“Otis was effectively the arranger on almost all of his sessions at Stax, particularly where the horns were concerned,” Gould said. “He really functioned by virtue of just force of personality.”

But he also was evolving in a way Gould believes was outgrowing Stax Records and the basic vision of Stax co-founder Jim Stewart. And by one account that Gould believes is accurate, Redding and Atlantic Records producer Jerry Wexler talked shortly before Redding’s death about Wexler producing his next record.

“Jim Stewart was not a Sam Phillips,” Gould said, referring to the Sun Records founder. “Sam Phillips was enormously full of himself and a hugely grandiose personality. But the germ of truth in all of that is that Sam Phillips really was something of a visionary. Jim Stewart was not a visionary.”

Even so, Gould says, Stewart was honest in his business dealings with Redding at a time when that wasn’t the norm. And like other record moguls, including Motown founder Berry Gordy, Stewart was focused on radio-friendly singles, even as albums began to overtake singles in sales.

“What he did was to kind of be in the right place at the right time and allow people in most cases to literally walk in the door of his studio and present him with their talents,” Gould said of Stewart. “What I tried to do is look rather carefully at the forms of agency he did exert. I think everybody agrees he didn’t have a good ear.”

In the book, Gould writes that Stewart passed on Wexler’s offer to have Aretha Franklin record at Stax and that shortly before Redding’s death there was some talk of Franklin and Redding recording an album together.

The Bar-Kays were Otis Redding’s backing band in the last year of his life and had a hit in their own right with “Soul Finger” that year. Bar-Kays member James Alexander took a different flight than the one that killed Redding and everyone else in the band except trumpet player Ben Cauley. Alexander would later reform The Bar-Kays and the band would evolve into a trend-setting funk band.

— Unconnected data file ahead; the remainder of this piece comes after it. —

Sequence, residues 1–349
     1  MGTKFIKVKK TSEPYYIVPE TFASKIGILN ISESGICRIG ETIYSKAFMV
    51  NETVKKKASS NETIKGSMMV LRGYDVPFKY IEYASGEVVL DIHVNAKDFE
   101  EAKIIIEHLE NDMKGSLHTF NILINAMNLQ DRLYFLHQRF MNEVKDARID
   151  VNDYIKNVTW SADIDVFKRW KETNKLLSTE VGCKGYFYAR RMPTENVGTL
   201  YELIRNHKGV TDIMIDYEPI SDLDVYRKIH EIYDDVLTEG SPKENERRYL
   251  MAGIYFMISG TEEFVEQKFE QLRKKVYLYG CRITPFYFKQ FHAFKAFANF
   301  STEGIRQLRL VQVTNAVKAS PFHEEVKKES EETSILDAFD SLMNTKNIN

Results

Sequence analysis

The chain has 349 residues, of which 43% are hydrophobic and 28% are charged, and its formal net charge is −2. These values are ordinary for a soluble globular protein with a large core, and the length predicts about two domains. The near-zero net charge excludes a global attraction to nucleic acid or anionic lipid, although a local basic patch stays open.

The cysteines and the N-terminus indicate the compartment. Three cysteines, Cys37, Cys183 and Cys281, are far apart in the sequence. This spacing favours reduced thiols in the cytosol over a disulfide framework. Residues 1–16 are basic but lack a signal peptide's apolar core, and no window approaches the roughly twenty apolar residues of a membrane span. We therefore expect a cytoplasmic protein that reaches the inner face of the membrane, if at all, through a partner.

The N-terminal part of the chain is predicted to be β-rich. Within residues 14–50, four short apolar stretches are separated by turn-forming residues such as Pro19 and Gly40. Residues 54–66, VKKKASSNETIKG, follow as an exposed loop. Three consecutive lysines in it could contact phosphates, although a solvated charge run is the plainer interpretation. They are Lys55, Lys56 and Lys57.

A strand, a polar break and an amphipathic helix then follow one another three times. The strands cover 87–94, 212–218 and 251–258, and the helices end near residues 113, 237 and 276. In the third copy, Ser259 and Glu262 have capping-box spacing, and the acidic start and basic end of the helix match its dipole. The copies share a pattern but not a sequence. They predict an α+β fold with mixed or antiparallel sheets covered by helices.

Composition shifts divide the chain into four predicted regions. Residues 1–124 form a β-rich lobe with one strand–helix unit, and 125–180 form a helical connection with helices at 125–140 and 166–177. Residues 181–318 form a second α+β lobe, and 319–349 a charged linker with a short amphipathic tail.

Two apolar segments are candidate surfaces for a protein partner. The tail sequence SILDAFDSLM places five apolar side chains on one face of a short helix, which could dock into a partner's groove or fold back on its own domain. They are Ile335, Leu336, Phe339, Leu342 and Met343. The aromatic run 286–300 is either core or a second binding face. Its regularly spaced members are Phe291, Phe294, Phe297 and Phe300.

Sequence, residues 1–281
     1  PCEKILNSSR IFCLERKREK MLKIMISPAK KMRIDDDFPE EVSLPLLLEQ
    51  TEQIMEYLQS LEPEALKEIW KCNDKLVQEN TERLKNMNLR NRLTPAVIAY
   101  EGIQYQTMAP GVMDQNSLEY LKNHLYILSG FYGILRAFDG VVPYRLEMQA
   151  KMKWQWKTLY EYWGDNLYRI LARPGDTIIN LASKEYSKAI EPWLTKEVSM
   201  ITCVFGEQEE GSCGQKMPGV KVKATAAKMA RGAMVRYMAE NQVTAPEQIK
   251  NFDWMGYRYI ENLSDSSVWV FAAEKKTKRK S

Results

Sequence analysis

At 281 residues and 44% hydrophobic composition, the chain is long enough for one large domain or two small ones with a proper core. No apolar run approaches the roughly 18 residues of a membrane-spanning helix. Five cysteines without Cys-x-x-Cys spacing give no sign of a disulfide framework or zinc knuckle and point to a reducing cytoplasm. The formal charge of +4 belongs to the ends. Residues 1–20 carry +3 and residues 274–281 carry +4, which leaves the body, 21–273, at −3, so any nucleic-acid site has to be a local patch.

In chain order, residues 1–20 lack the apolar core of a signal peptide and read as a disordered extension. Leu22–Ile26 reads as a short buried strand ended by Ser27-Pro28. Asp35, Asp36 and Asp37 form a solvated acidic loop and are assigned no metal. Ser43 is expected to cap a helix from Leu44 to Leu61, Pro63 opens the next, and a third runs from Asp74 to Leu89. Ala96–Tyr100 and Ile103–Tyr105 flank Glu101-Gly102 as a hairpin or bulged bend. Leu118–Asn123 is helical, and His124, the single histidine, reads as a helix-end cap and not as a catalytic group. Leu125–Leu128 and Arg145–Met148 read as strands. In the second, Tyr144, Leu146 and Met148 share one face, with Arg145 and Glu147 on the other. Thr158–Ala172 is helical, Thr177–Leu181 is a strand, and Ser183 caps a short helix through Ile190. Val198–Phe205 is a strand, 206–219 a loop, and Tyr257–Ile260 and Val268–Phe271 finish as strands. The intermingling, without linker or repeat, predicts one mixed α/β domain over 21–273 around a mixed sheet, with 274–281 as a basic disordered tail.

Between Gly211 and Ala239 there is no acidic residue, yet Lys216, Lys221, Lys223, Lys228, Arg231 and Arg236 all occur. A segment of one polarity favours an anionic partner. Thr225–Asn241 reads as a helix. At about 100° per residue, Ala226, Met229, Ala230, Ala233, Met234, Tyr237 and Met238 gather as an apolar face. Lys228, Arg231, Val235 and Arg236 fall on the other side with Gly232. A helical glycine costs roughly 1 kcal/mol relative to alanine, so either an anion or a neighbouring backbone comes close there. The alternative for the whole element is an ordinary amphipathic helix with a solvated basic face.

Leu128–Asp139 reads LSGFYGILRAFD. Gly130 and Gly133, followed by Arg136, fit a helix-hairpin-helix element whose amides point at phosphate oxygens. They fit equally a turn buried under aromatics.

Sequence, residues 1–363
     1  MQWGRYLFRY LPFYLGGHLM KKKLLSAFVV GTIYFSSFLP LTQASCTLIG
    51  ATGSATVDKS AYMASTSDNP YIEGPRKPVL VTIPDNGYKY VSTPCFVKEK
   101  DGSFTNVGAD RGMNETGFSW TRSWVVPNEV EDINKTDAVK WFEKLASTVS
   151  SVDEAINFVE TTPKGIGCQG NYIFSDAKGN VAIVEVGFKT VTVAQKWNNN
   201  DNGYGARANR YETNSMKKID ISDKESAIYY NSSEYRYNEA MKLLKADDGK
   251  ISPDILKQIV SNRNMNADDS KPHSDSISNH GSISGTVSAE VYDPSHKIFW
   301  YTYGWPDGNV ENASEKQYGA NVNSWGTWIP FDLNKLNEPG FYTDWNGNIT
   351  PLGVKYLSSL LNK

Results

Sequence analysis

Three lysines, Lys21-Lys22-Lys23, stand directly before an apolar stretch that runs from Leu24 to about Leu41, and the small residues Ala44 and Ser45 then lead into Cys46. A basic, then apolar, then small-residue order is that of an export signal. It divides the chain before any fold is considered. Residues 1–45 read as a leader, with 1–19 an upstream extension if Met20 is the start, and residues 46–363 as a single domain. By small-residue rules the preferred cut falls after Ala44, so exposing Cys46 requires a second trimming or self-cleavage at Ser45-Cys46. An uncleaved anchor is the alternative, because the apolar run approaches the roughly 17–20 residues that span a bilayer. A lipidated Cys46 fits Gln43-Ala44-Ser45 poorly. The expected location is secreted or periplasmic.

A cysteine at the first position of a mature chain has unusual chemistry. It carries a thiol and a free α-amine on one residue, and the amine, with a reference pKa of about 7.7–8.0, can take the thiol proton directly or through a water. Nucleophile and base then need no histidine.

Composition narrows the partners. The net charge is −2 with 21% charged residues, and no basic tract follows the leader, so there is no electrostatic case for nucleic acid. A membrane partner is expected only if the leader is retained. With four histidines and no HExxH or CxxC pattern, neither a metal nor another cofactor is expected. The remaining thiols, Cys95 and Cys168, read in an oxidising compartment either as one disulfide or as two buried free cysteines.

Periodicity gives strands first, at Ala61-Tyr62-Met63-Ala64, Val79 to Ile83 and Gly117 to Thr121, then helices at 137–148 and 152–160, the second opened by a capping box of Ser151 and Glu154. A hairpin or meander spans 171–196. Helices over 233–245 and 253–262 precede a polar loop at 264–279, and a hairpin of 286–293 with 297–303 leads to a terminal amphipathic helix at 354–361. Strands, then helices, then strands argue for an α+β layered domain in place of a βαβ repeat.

Whether that album would have come to fruition, and what it would have sounded like, is one of numerous possibilities never realized. One of Franklin’s biggest hits was her cover and rearrangement of Redding’s song “Respect.”

But Gould speculates that even without a duet, Redding’s musical curiosity by the last year of his life probably included what Wexler and Atlantic Records recording engineer Tom Dowd were doing sonically with Franklin.

“If you listen to the marvelous recordings that Tom Dowd did with Aretha where her voice is just exploding off the record … this rich balance of sound – Otis by then was sophisticated enough to understand the difference between that and frankly Jim Stewart’s engineering,” Gould said. “I think he was ready to take his big talent and move it into a larger arena of recording.”

Gould acknowledges that his judgments on Stax are at odds with those of other authors who have written about the Memphis recording studio and label. But he says he’s not diminishing the role of Stax in American culture.

“If they did nothing but put together and sustain that extraordinary band that they had, their reputation as a record company would be immortal anyway,” he said.

“(Sittin’ On) The Dock of the Bay” is cited in just about every book about Stax and Redding as a sea change in his career and soul music. The other material recorded with it for Redding’s next album, Gould believes, would have been a bigger breakthrough musically and culturally.

“I think his next album would have been, if one takes the material that was left behind … that material alone could have been combined into what would have been the most spectacular original album by an African-American artist I think that anybody had ever heard,” Gould said.

“Because the imagination wasn’t there or the determination and the vision wasn’t there because Otis wasn’t there, that material was released in this kind of cautious, piecemeal sort of way. Nobody knew quite what to do with it.”

PROPERTY SALES 61 61 6,453
MORTGAGES 46 46 4,081
BUILDING PERMITS 113 113 15,474
BANKRUPTCIES 19 19 3,289